by Kate Reeves, LiveGirl High School Mentor
All those who watched the U.S. Open women’s final match were probably struck with a range of emotions. For those that did not watch, this was not your average tennis match. Serena Williams was first given a warning for possible coaching, then had a point taken away for breaking her racket, a US Open Code Violation. Williams, still upset about the accusal of being coached earlier, said to the umpire, “How dare you question my character. I've never cheated in my life.” and proceeded to call him a “thief” for which she received a game penalty for verbal abuse. Her opponent, Naomi Osaka, played an exceptional game, and despite being given one point and one game, fought with everything she had the rest of the match and went on to defeat her idol Serena Williams in the U.S. Open 2018 Women’s Final.
Obviously, neither losing or winning the way they did was ideal for either competitor. In Serena’s case, she probably felt she was stripped of a point and game she could have won, and perhaps felt her entire mindset was disrupted from the start. In Osaka’s case, she probably discredited her truly incredible victory over a tennis icon by telling herself that Serena was inhibited from maximizing her potential.
Initially, the Trophy Celebration was the most heartbreaking victory ceremony I’ve ever watched. The crowd booed reporter Tom Rinaldi when he began the introduction. Osaka covered her face and tears with her visor. Tears escaped down the solemn faces of both players. The crowd continued to boo as Rinaldi asked Williams the first question. It was unfortunate, really, that in the midst of Osaka’s apparent disappointment, the masses were not more empathetic. They chose to use their voices in a way that only affirmed Osaka’s doubts of winning fairly, and likely made her feel alienated and unsupported in a moment where they should be roaring in applause. This was the culmination of years of hard work. This was her dream of living, and beating, her role model. This was history: the first Japanese American to reach and then win a Grand Slam singles final. As I sat, watching Naomi’s smile-less face, I was angry. This should be her moment to shine, and the entire crowd is ignoring the value in all of that.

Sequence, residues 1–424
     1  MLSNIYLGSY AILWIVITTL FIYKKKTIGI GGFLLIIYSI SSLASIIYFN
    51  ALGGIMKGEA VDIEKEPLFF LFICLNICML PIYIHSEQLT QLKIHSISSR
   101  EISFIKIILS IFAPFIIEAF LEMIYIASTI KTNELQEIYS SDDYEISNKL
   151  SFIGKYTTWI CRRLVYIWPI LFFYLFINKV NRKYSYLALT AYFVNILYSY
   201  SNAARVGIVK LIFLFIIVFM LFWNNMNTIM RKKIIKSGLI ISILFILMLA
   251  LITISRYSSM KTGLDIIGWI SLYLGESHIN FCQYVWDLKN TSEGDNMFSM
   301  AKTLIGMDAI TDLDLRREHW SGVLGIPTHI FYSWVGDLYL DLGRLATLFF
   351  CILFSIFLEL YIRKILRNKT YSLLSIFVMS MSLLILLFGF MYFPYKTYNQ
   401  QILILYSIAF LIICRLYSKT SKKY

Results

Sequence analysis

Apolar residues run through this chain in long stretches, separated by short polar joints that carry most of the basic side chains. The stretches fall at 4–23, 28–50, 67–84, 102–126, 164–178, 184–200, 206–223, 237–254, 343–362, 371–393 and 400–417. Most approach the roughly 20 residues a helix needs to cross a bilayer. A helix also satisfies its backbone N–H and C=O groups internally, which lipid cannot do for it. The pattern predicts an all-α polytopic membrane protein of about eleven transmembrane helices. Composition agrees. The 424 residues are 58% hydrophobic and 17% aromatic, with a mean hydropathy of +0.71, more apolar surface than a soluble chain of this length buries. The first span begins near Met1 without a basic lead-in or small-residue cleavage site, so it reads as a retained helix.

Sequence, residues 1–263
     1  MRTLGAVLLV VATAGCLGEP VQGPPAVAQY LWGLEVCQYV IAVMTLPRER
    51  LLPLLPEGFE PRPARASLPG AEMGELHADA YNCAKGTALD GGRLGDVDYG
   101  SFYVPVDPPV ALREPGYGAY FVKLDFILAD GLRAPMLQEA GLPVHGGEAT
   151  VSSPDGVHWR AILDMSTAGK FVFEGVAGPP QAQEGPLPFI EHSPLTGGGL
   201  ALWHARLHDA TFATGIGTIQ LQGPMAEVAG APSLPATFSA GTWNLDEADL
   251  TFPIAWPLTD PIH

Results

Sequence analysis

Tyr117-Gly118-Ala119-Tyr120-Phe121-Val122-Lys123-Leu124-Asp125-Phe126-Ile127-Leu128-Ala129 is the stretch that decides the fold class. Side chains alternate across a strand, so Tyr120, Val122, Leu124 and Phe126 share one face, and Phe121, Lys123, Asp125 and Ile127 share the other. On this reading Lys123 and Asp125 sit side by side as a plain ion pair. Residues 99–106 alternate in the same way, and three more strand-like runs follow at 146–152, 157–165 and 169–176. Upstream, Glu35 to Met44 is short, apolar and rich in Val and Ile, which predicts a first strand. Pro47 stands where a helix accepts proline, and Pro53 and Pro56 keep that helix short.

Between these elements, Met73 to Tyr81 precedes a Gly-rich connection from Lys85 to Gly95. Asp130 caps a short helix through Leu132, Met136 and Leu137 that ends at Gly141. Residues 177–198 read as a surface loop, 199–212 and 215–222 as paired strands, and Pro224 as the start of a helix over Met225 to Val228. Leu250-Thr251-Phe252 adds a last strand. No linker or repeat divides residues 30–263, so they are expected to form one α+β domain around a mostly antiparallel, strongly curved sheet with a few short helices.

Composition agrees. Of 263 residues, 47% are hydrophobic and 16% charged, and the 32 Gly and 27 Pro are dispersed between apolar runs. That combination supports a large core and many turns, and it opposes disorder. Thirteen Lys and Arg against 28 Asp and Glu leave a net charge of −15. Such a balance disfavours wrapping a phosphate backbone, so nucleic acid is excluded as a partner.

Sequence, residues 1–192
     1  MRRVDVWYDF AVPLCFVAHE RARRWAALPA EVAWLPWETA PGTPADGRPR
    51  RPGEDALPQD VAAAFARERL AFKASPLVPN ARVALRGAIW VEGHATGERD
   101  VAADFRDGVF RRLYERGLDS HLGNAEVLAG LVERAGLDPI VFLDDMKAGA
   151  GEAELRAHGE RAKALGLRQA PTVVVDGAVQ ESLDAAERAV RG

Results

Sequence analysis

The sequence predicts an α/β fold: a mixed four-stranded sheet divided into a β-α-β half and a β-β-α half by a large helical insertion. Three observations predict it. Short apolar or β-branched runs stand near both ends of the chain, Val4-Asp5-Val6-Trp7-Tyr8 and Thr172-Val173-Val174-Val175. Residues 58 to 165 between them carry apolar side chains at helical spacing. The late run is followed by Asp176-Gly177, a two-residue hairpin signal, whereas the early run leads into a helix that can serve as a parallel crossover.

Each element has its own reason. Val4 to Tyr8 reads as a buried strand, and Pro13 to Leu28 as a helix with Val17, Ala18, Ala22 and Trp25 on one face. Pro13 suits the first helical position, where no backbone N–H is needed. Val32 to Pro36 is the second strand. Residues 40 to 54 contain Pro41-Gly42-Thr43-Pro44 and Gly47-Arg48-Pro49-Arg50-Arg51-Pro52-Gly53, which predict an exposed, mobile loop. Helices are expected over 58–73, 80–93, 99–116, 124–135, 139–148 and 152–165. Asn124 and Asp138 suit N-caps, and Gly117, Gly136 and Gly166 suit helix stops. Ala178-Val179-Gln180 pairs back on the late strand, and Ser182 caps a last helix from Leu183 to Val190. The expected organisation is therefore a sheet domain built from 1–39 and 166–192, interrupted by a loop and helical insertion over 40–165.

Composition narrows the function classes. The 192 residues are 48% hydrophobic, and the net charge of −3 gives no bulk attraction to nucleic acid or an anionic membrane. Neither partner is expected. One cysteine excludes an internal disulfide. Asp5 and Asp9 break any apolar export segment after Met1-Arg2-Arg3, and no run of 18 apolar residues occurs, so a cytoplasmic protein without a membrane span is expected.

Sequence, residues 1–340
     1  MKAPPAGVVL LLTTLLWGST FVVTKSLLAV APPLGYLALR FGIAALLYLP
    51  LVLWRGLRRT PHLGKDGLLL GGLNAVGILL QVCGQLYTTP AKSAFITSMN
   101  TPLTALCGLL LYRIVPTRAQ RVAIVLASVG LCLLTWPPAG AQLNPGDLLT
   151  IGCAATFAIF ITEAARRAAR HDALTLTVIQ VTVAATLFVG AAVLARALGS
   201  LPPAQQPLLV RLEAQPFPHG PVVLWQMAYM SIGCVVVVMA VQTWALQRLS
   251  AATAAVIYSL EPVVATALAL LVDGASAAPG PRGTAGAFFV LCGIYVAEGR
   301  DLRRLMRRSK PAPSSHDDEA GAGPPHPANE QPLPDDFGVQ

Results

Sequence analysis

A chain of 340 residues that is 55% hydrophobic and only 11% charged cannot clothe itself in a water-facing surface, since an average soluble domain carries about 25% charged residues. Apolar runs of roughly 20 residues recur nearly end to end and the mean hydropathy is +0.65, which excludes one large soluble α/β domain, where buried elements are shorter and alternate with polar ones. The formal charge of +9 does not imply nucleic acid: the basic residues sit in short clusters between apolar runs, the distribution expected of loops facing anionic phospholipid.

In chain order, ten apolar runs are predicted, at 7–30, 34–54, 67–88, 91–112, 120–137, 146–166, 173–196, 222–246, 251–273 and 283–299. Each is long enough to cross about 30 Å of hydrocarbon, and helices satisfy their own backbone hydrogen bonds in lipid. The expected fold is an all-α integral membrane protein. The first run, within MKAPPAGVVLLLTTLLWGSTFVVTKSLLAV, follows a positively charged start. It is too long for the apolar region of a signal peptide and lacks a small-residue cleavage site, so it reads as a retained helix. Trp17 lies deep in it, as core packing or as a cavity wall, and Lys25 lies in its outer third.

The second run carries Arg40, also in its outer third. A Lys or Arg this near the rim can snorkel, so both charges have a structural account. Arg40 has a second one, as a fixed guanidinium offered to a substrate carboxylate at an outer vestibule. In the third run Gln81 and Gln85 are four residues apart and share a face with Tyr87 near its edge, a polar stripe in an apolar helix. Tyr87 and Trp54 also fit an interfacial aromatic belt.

Yet in the midst of this uncomfortably sad ceremony, there was a moment of inspiration. When the microphone was passed to Serena, she declined further questioning and instead spoke firmly to her loyal fans saying, “I just want to tell you guys, she played well, and this is her first Grand Slam. Let's not boo anymore. Let's be positive. Congratulations, Naomi.”
The booing ceased and was replaced with applause. Both players accepted their respective awards and held them up with a strong embrace.
I am not implying that the way this event ended was perfect – in fact, it certainly was not. I don’t know who is to blame for derailing the match from a healthy competition to one of tears and regrets. But the point is, we don’t always have to assign blame. Athletes make mistakes. Umpires make mistakes. We all make mistakes. It can be hard not to let emotions get in the way in critical times or to know what the right call in quickly fleeting moments. So to command a crowd to quit the bitter, unproductive jeers and start being respectful is a brave act that shows signs of a strong leader. It showed Serena’s ability to be the bigger person despite being in an aggravating situation in which she was called out for something that other athletes do frequently, and yet are not penalized for.
These concepts of being the bigger person, ignoring the blame, and instead focusing on the positive apply for more than sports. They should apply to politics. They should apply to life. We find ourselves in a society that is so quick to blame, and it often blinds us from seeing true victories in front of our eyes. If more people can show the kind of compassion that Serena did for Osaka, if more leaders can direct negative energy into a force of positivity, if we can recognize instances where supporting one cause is not mutually exclusive with supporting another, we will create a society that works together instead of against each other.
Prior to playing each other in this match, Osaka had been asked what her message for Williams was. Her response, “I love you”, stunned the crowd and the world of tennis. But for Osaka, it was not confusing or stunning to love her competitor. On the contrary, competing with someone she admired gave her motivation to succeed. Not only did Osaka prove to the world tonight that she was a tennis champion, but both of these strong, empowered women proved that they were champions of love, champions of compassion.
So, now I ask of you, young leaders, who else will take on that title?